The reader may wonder why so much is left to the reader. A book on swimming strokes may be nice to read, but one must practice the strokes while actually in the water before one can claim to be a swimmer. So if the reader desires to actually possess the knowledge for recovering wiring from a depth, let the reader get his paper and pencils, using perhaps four colors to avoid confusion in the connecting links, and go to work.[21]

His notes and exercises on probability and statistics, drawn up for his lectures to code-breaking colleagues during the war (see below) remained in use in National Security Agency training for several decades; they were published openly in 1985.[21]

In a 1964 Science article, Gleason wrote of an apparent paradox arising in attempts to explain mathematics to nonmathematicians:

It is notoriously difficult to convey the proper impression of the frontiers of mathematics to nonspecialists. Ultimately the difficulty stems from the fact that mathematics is an easier subject than the other sciences. Consequently, many of the important primary problems of the subject—that is, problems which can be understood by an intelligent outsider—have either been solved or carried to a point where an indirect approach is clearly required. The great bulk of pure mathematical research is concerned with secondary, tertiary, or higher-order problem, the very statement of which can hardly be understood until one has mastered a great deal of technical mathematics.[24]
"With the inevitable clipboard under his arm", 1989

Gleason was part of the School Mathematics Study Group, which helped define the New Math of the 1960s—ambitious changes in American elementary and high school mathematics teaching emphasizing understanding of concepts over rote algorithms. Gleason was "always interested in how people learn"; as part of the New Math effort he spent most mornings over several months with second-graders. Some years later he gave a talk in which he described his goal as having been:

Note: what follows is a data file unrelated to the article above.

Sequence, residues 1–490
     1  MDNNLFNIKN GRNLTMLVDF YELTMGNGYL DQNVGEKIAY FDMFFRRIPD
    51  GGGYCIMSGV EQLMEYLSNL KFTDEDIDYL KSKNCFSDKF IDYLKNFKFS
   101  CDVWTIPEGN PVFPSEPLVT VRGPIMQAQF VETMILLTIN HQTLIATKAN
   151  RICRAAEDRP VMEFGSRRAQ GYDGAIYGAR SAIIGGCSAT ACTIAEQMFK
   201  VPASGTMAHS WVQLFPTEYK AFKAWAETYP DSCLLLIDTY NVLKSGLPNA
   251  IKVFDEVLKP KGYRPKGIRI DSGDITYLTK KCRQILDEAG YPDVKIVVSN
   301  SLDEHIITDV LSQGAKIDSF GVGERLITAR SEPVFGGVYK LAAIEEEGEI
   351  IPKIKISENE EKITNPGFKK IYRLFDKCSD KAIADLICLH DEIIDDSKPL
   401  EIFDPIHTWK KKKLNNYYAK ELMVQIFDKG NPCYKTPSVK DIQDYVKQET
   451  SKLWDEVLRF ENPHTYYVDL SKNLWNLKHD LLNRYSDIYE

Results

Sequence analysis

to find out how much they could figure out for themselves, given appropriate activities and the right guidance. At the end of his talk, someone asked Andy whether he had ever worried that teaching math to little kids wasn’t how faculty at research institutions should be spending their time. [His] quick and decisive response: "No, I didn’t think about that at all. I had a ball!"[21]

In 1986 he helped found the Calculus Consortium, which has published a successful and influential series of "calculus reform" textbooks for college and high school, on precalculus, calculus, and other areas. His "credo for this program as for all of his teaching was that the ideas should be based in equal parts of geometry for visualization of the concepts, computation for grounding in the real world, and algebraic manipulation for power."[13] However, the program faced heavy criticism from the mathematics community for its omission of topics such as the mean value theorem,[25] and for its perceived lack of mathematical rigor.[26][27][28]

Cryptanalysis work

Report (1945) by Gleason and colleagues re­gard­ing the German Enigma. "The recovery of wiring from a depth can be a very in­ter­est­ing prob­lem. Let the read­er sur­round him­self with pleas­ant work­ing con­dit­ions and try it."

During World War II Gleason was part of OP-20-G, the U.S. Navy's signals intelligence and cryptanalysis group,[12] one task of which (in collaboration with British cryptographers at Bletchley Park such as Alan Turing) was to penetrate German Enigma machine communications networks. The British had great success with two of these networks, but the third, used for German-Japanese naval coordination, remained unbroken because of a faulty assumption that it employed a simplified version of Enigma. After OP-20-G's Marshall Hall observed that certain metadata in Berlin-to-Tokyo transmissions used letter sets disjoint from those used in Tokyo-to-Berlin metadata, Gleason hypothesized that the corresponding unencrypted letters sets were A-M (in one direction) and N-Z (in the other), then devised novel statistical tests by which he confirmed this hypothesis. The result was routine decryption of this third network by 1944. (This work also involved deeper math­e­mat­ics related to permutation groups and the graph isomorphism problem.)[12]

OP-20-G then turned to the Japanese navy's "Coral" cipher, a key tool for the attack on which was the "Gleason crutch", a form of Chernoff bound on tail distributions of sums of independent random variables, but predating Chernoff's work by a decade.[12]

Toward the end of the war he concentrated on documenting the work of OP-20-G and developing systems for training new cryptographers.[12]